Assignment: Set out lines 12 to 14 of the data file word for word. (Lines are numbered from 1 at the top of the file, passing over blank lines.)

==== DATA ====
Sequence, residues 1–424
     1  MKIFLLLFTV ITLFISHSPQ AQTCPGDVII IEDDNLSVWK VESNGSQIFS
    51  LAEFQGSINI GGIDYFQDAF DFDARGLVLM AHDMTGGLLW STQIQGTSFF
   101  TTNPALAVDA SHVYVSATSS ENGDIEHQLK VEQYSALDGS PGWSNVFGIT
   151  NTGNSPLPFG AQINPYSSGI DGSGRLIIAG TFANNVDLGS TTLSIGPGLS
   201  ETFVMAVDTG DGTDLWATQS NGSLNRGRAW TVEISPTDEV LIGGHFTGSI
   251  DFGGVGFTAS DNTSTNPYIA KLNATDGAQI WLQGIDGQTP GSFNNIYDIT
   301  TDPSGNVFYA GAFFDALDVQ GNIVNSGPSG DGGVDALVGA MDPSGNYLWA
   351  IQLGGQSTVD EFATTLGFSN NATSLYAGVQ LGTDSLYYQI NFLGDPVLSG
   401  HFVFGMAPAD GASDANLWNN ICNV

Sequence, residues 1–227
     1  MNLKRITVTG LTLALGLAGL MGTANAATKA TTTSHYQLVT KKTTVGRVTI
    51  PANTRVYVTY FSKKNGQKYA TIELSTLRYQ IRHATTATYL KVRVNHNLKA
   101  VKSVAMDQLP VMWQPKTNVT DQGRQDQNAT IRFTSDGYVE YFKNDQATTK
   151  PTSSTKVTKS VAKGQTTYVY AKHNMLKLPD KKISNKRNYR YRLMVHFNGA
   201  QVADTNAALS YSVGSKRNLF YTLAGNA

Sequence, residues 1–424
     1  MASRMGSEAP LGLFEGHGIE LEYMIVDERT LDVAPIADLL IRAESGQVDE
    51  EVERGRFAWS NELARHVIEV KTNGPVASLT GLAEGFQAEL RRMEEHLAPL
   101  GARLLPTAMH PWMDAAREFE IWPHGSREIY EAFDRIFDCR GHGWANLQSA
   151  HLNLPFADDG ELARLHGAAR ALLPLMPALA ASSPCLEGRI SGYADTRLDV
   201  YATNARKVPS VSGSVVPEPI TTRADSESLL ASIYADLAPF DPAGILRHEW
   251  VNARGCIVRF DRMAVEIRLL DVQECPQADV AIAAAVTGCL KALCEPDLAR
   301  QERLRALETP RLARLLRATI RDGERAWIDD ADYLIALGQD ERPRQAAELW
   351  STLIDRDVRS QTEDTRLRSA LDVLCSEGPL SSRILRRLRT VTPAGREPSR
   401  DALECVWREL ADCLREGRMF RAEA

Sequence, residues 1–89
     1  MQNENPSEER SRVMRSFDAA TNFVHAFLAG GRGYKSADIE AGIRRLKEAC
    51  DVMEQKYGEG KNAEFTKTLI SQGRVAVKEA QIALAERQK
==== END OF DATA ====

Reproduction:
     1  MNLKRITVTG LTLALGLAGL MGTANAATKA TTTSHYQLVT KKTTVGRVTI
    51  PANTRVYVTY FSKKNGQKYA TIELSTLRYQ IRHATTATYL KVRVNHNLKA
   101  VKSVAMDQLP VMWQPKTNVT DQGRQDQNAT IRFTSDGYVE YFKNDQATTK